That scale is not an abstraction in Khadija's house in Mississauga. Her mother, Adalet Rahim, counts a brother and six cousins in indoctrination programs. Her father, Abdulaziz Sattar, says that some 50 of his relatives have been incarcerated - among them bureaucrats, teachers and a medical doctor. Mr. Sattar's parents are among them. In 2016, he met up with his mother and father in Turkey. After she returned to China, his mother was detained and interrogated for two days. Her interrogators called Mr. Sattar a "dangerous enemy of the Communist Party of China," she told her son late that year. Months later, he heard that his parents had been sent to indoctrination camps. His father, now retired, had worked as a local government functionary, conversant in Chinese. His mother had been a housewife, devoted to her children. Racked by worry about them, Mr. Sattar lost his appetite and suffered from bad dreams. Then, he was told his mother had died in internment. He cried on the spring day he received the news, the first time his wife had seen him in tears. "He told me that there is nothing more painful than this," Ms. Rahim says.

Chinese authorities did not return the body of Mr. Sattar's mother to relatives in Xinjiang. He does not know why she died, whether she was given a religiously suitable burial or even the exact day of her death. He is left asking what sin she committed. "China," he says, "should answer for this."

Associated Graphic

Khadija Abdulaziz sometimes talks to students at her school about the dozens of her relatives in China who have disappeared.

CHRISTOPHER KATSAROV/THE GLOBE AND MAIL

Abdulaziz Sattar and Adalet Rahim pose with their children for a portrait in their Mississauga home on July 26. Even as they have sought safety for themselves as refugees in Mississauga, what's happening 10,000 kilometres away in China has cast a pall over life in Canada for many Uyghur families.

DEBORAH BAIC/THE GLOBE AND MAIL

In the past year, more than 50 members of Khadija Abdulaziz's extended family have vanished in China. Khadija's parents believe those who have disappeared have been placed in indoctrination camps, where, according to the accounts of others who have been released, detainees undergo forcible Chinese-language lessons, skills training and political instruction.

CHRISTOPHER KATSAROV/ THE GLOBE AND MAIL

Khadija has shared stories of the internment camps with her classmates at Vista Heights Public School in Mississauga.

CHRISTOPHER KATSAROV/THE GLOBE AND MAIL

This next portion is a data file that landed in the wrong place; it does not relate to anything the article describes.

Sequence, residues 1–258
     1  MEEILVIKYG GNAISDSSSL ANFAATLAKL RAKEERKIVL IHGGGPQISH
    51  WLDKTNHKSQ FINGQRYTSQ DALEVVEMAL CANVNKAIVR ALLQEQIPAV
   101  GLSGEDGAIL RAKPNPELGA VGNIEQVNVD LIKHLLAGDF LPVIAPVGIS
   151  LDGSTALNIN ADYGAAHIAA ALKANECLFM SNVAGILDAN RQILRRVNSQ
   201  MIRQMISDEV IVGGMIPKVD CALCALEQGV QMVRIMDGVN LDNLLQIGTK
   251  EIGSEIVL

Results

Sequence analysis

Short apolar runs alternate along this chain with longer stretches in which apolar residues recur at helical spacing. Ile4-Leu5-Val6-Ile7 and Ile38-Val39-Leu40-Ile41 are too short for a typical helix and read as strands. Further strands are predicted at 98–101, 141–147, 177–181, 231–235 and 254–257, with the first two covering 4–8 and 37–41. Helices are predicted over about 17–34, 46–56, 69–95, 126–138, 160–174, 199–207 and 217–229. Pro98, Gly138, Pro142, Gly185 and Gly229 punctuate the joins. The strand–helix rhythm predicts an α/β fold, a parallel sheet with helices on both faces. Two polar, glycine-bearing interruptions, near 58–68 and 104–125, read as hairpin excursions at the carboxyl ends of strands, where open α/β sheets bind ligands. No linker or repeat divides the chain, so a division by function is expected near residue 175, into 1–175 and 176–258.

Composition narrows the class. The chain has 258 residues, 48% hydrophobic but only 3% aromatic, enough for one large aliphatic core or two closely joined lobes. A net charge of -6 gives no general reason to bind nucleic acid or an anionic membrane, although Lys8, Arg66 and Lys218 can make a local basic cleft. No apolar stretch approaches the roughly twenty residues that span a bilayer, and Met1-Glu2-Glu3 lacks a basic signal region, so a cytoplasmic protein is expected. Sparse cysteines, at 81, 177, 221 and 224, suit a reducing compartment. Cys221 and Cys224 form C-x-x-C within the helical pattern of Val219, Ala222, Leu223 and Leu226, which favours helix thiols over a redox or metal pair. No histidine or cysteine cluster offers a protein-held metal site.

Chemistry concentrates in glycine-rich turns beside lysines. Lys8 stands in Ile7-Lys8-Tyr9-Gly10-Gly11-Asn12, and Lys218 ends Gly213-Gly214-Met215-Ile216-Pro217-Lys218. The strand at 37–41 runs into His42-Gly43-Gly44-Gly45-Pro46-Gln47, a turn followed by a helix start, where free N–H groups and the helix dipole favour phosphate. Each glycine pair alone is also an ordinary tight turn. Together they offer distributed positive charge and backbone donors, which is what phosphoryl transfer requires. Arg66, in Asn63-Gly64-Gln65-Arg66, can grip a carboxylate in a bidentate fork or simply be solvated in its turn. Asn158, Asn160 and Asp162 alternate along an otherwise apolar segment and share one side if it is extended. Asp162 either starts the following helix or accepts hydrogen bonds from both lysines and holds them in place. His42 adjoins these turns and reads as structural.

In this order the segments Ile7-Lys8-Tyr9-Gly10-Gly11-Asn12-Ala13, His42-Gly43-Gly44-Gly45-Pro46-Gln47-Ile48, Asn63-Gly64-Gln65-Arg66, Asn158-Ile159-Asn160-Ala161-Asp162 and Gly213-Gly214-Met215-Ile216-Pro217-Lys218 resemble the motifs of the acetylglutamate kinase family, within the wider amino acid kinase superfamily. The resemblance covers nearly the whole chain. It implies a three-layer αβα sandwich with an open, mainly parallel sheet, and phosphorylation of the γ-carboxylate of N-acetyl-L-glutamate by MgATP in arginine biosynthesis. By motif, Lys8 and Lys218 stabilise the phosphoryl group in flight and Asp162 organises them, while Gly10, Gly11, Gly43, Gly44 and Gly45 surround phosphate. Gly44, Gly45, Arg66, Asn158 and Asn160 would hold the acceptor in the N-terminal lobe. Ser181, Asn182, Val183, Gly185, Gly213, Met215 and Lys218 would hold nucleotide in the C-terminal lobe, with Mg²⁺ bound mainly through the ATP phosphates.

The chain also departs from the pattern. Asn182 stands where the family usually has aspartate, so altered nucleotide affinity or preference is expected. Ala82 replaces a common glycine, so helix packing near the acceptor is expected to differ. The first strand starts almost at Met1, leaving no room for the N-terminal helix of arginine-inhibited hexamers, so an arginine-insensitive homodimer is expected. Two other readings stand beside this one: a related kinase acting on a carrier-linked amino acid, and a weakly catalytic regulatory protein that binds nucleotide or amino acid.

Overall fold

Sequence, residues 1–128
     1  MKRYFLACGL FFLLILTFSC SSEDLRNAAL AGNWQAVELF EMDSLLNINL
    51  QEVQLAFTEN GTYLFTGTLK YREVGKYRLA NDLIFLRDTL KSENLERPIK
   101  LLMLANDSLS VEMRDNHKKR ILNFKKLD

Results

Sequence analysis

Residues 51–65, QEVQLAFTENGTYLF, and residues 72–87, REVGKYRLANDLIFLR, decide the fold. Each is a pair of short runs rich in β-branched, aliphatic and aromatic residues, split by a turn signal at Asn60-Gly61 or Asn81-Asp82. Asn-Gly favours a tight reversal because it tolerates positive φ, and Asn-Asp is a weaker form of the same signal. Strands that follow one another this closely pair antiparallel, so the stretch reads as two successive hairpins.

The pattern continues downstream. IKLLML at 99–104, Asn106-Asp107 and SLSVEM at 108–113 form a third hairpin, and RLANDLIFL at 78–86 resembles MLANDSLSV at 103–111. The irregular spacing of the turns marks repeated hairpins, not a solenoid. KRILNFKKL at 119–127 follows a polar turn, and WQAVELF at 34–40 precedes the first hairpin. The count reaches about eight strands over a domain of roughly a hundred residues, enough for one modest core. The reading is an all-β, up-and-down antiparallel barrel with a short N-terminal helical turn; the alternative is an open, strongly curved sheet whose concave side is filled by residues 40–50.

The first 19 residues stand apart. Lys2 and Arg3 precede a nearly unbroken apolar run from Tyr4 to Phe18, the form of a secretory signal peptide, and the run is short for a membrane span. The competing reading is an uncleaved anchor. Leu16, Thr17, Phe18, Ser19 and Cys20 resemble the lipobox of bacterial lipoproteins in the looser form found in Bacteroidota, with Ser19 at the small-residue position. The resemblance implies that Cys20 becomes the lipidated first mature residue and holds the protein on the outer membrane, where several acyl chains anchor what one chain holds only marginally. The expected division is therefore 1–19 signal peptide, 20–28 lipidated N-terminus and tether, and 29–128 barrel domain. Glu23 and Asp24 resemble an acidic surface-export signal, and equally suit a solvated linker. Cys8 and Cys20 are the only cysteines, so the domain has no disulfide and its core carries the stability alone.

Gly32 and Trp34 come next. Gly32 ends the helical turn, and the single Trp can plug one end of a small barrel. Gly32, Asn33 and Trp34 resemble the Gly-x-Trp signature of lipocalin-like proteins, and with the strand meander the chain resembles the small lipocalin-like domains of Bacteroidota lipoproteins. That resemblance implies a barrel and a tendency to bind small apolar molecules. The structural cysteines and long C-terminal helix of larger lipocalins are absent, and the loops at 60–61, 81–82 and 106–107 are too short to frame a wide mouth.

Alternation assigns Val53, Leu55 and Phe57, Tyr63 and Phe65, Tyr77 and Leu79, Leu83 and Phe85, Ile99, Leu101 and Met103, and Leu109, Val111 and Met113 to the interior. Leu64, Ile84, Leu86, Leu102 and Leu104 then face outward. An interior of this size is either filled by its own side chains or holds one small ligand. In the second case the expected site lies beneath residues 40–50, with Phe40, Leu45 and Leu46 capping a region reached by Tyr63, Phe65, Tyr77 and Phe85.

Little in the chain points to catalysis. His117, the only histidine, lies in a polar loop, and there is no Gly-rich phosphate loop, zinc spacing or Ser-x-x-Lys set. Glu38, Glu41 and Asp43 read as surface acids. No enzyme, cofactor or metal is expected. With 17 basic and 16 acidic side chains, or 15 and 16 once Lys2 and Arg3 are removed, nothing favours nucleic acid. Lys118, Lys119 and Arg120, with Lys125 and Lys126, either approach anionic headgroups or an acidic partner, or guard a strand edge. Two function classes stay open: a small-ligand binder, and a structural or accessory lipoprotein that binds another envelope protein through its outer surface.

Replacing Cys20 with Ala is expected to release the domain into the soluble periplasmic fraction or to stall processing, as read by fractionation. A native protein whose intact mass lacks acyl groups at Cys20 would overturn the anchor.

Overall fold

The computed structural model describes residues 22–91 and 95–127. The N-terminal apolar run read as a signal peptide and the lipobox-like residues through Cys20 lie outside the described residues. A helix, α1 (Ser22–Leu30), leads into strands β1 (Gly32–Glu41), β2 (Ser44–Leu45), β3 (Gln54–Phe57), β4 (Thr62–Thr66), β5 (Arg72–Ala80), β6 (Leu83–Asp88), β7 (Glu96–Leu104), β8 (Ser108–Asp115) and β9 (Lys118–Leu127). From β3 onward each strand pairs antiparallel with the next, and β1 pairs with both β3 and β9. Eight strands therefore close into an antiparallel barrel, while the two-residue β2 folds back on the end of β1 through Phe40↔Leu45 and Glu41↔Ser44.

DEBORAH BAIC/THE GLOBE AND MAIL

Adalet Rahim holds pictures of her mother-in-law and brother. China has produced no official statistics on the re-education program, but scholars say those with overseas connections have been specifically targeted for indoctrination.

DEBORAH BAIC/THE GLOBE AND MAIL

CHRISTOPHER KATSAROV/THE GLOBE AND MAIL

Mr. Sattar appears in a family photo with his parents. The two were interned in China months after visiting Turkey in 2016. Mr. Sattar was later informed that his mother had died in re-education, but was not given any further details on the cause of her death or whether she was afforded a suitable religious burial.


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Death becomes him
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David Sedaris, the gold standard for confessional writing, returns with his latest book Calypso. On tour in Toronto, he takes some time for a stroll down Philosopher's Walk where he considers the state of the essay, his ideal reader and more - all with his trademark eloquence
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By ANNE T. DONAHUE
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Saturday, August 11, 2018 – Page P14

David Sedaris is, by all accounts, a warm and generous figure.

Yet, a conversation with the author seems like a terrifying proposition. After all, the past few decades have seen the author set the gold standard for an entire generation of confessional writing. His essays and approach to storytelling have paved the way for the type of first-person vulnerability that has fuelled conversations online and beyond. And his mix of humour, honesty and willingness to examine the best and worst parts of being alive have made his work both a source of comfort and, well, the opposite. He actively reminds us that perfection and its associated myths have no place in being a human. And that is rare.

So, to catch up with Sedaris on the Toronto stop of his book tour feels as though I'm approaching my own emotional precipice, with the man himself waiting at land's end. Especially since Calypso - his newest collection of essays - further delves into themes of mortality, death and the evolution of one's self alongside one's family. (All of the above feeling even more dire amidst our current social and political landscape.)

But then Sedaris shows up. He shakes my hand. We set off down Philosopher's Walk and roam the University of Toronto campus, and I immediately feel that aforementioned warmth and generosity I'd nearly forgotten about. Here, then, was our very generous conversation that day; about death and family and all those lighthearted topics. And yes, he had his FitBit on.